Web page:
7. The facts asserted in the complaint are insufficient to set forth a prima facie case under § 1983. Plaintiff alleges he experienced unconstitutional conditions of confinement during confinement at the Camden County Jail. Plaintiff states: “The sheets and the mattresses, felt like we had bed-bugs eating at us and all.” Complaint § III. Plaintiff further states that the cells were “definitely unsanitary.” Id. Plaintiff also alleges that he sustained “no serious injuries.” Id. § IV. Even accepting these statements as true for screening purposes only, there is not enough factual support for the Court to infer a constitutional violation has occurred.

         8. Plaintiff's vague and cursory allegations regarding unsanitary cells and bedding essentially complain “of an inconvenient and uncomfortable situation”; however, “‘the Constitution does not mandate comfortable prisons.'” Carson v. Mulvihill, 488 F.App'x 554, 560 (3d Cir. 2012) (citing Rhodes, 452 U.S. at 349); see also, Marnin v. Pinto, 463 F.2d 583, 584 (3d Cir. 1972) (“blanket statements alleging bad food and miserable living conditions in the prison” were “naked statements [that do not] ordinarily merit Federal court intervention”).[3]

          9. Moreover, Plaintiff brings this complaint against only the CCDOC. The CCDOC is not independently subject to suit because it is not a separate legal entity from Camden County. See Bermudez v. Essex Cty. D.O.C., No. 12-6035, 2013 WL 1405263, at *5 (D.N.J. Apr. 4, 2013) (citing cases). Plaintiff has not pled sufficient facts to impose liability on Camden County.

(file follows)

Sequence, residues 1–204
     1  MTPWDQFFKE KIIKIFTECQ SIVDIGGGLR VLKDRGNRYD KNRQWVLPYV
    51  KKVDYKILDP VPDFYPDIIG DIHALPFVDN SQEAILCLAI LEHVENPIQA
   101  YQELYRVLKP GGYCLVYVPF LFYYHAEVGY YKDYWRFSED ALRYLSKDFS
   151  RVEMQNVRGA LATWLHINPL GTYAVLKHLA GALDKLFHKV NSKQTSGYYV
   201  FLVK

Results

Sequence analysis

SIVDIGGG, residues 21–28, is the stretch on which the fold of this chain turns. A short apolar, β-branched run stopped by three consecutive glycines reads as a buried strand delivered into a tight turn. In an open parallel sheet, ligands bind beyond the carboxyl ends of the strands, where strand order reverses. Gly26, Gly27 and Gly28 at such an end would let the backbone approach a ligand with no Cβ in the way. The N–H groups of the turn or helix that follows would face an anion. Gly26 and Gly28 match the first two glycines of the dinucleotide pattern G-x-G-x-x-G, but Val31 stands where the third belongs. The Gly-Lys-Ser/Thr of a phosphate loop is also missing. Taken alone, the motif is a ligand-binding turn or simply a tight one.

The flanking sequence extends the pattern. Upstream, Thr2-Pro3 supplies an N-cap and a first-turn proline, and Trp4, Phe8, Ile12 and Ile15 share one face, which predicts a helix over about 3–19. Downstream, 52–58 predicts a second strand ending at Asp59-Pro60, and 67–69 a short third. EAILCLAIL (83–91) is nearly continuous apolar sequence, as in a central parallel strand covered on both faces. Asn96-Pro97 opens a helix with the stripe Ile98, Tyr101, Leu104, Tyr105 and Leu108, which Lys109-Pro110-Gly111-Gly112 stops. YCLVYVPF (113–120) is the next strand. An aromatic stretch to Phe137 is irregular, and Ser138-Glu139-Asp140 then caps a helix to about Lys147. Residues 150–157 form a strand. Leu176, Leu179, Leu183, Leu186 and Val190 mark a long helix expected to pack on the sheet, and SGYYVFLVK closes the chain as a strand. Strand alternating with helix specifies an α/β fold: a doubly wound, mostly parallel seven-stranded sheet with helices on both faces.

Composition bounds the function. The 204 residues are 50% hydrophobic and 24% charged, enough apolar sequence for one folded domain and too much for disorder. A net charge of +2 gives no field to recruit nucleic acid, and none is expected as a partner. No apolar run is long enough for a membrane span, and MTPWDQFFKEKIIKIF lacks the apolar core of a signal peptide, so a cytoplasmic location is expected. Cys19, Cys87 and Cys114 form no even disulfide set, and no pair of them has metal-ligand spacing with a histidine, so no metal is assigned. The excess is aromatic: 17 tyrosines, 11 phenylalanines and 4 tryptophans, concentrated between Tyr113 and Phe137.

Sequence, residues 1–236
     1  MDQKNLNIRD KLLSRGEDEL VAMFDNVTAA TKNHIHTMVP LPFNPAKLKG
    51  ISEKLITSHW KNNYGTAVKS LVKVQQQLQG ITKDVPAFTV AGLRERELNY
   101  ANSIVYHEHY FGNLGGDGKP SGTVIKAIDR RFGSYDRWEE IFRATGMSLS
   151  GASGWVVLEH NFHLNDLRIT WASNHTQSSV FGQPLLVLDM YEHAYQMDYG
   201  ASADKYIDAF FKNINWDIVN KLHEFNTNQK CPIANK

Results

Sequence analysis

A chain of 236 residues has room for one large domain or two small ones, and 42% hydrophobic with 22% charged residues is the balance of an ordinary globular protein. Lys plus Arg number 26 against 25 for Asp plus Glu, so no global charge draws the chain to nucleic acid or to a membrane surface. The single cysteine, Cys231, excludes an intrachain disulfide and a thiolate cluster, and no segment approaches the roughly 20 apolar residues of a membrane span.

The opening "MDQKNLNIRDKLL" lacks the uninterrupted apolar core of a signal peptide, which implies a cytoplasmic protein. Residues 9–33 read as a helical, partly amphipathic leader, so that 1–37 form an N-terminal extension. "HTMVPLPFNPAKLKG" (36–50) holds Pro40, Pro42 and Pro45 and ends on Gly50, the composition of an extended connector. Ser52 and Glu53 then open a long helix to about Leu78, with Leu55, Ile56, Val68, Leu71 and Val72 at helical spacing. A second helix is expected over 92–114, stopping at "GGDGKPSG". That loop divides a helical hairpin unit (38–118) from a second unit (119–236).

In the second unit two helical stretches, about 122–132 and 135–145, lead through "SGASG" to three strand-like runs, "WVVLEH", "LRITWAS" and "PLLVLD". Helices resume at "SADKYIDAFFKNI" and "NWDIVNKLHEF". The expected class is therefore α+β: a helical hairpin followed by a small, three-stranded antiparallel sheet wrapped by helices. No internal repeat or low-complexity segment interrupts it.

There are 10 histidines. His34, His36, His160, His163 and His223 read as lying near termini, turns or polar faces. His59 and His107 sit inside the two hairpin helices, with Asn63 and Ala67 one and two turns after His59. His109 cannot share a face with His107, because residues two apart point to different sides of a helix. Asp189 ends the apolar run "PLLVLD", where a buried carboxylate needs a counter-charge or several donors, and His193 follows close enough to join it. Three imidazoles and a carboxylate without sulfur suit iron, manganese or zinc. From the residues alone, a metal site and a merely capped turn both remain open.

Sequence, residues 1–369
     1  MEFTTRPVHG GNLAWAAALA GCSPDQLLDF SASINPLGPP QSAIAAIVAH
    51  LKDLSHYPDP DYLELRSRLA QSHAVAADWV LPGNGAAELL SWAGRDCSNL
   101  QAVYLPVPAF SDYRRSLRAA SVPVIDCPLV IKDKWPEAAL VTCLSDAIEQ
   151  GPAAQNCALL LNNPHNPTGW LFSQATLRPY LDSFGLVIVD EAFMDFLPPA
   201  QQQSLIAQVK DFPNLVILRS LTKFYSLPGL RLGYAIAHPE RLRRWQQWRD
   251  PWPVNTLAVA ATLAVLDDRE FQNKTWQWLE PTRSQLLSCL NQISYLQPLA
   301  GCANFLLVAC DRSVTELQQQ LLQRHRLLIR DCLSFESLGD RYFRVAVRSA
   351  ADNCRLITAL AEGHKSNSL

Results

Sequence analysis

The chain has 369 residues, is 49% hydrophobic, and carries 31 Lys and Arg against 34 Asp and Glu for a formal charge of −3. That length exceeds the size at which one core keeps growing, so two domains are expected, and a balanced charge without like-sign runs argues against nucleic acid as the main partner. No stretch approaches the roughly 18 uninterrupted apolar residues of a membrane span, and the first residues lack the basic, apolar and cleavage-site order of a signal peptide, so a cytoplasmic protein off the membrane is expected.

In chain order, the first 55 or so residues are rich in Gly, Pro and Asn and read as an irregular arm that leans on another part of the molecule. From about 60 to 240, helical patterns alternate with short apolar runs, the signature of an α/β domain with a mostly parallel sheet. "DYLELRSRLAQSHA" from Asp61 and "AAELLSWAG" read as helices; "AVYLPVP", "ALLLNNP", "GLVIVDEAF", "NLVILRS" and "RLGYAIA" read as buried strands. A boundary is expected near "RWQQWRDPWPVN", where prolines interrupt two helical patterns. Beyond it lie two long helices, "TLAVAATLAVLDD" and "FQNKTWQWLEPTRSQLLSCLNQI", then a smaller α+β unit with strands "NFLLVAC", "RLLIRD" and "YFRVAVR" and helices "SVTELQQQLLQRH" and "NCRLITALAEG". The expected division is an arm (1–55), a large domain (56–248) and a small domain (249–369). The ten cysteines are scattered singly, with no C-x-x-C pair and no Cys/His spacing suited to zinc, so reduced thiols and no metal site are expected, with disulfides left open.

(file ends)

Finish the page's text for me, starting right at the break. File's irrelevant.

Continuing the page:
10. “There is no respondeat superior theory of municipal liability, so a city may not be held vicariously liable under § 1983 for the actions of its agents. Rather, a municipality may be held liable only if its policy or custom is the ‘moving force' behind a constitutional violation.” Sanford v. Stiles, 456 F.3d 298, 314 (3d Cir. 2006) (citing Monell v. N.Y.C. Dep't of Social Services, 436 U.S. 658, 691 (1978)). See also, Collins v. City of Harker Heights, 503 U.S. 115, 122 (1992) (“The city is not vicariously liable under § 1983 for the constitutional torts of its agents: It is only liable when it can be fairly said that the city itself is the wrongdoer.”).

         11. Plaintiff must plead facts showing that the relevant Camden County policy-makers are “responsible for either the affirmative proclamation of a policy or acquiescence in a well-settled custom.” Bielevicz v. Dubinon, 915 F.2d 845, 850 (3d Cir. 1990).[4] In other words, Plaintiff must set forth facts supporting an inference that Camden County itself was the “moving force” behind the alleged constitutional violation. Monell, 436 U.S. at 689. Plaintiff has made no such allegations.

         12. As Plaintiff may be able to amend his complaint to address the deficiencies noted by the Court, the Court shall grant Plaintiff leave to amend the ...